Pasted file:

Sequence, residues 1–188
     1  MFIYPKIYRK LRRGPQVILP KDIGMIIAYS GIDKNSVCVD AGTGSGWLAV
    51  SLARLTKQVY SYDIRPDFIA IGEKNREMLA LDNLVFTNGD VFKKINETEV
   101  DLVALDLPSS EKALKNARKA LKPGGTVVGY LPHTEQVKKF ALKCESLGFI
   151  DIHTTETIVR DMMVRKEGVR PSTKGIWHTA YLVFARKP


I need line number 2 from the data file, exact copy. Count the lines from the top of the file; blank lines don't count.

     1  MFIYPKIYRK LRRGPQVILP KDIGMIIAYS GIDKNSVCVD AGTGSGWLAV